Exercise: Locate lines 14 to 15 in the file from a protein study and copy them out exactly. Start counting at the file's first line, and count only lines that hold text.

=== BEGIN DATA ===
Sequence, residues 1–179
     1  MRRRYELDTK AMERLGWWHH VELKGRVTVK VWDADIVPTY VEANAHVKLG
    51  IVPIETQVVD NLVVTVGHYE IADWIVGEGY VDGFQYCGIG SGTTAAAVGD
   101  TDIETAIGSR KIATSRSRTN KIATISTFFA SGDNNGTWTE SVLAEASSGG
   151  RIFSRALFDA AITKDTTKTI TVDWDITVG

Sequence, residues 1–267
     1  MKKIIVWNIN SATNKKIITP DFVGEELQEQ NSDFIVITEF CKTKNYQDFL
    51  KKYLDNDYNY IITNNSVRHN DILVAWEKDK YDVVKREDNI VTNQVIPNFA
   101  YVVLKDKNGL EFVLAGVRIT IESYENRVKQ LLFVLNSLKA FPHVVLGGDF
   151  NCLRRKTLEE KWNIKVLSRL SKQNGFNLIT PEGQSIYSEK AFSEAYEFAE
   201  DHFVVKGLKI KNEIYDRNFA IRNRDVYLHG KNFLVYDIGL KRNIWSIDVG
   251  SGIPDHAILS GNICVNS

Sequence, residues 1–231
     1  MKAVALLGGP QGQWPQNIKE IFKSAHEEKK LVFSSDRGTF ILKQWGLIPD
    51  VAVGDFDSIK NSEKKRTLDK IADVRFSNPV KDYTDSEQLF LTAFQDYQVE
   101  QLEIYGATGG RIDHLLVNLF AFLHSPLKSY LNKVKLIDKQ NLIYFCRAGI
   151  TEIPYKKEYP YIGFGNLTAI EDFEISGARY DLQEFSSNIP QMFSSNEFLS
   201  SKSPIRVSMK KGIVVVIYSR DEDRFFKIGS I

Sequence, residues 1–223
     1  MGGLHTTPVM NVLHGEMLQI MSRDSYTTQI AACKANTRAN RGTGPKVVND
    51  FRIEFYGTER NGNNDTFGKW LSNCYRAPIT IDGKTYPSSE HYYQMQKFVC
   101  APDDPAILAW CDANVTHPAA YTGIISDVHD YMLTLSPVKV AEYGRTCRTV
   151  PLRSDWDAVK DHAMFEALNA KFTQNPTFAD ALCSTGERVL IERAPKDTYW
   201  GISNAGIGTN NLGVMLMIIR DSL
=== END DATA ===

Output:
     1  MKAVALLGGP QGQWPQNIKE IFKSAHEEKK LVFSSDRGTF ILKQWGLIPD
    51  VAVGDFDSIK NSEKKRTLDK IADVRFSNPV KDYTDSEQLF LTAFQDYQVE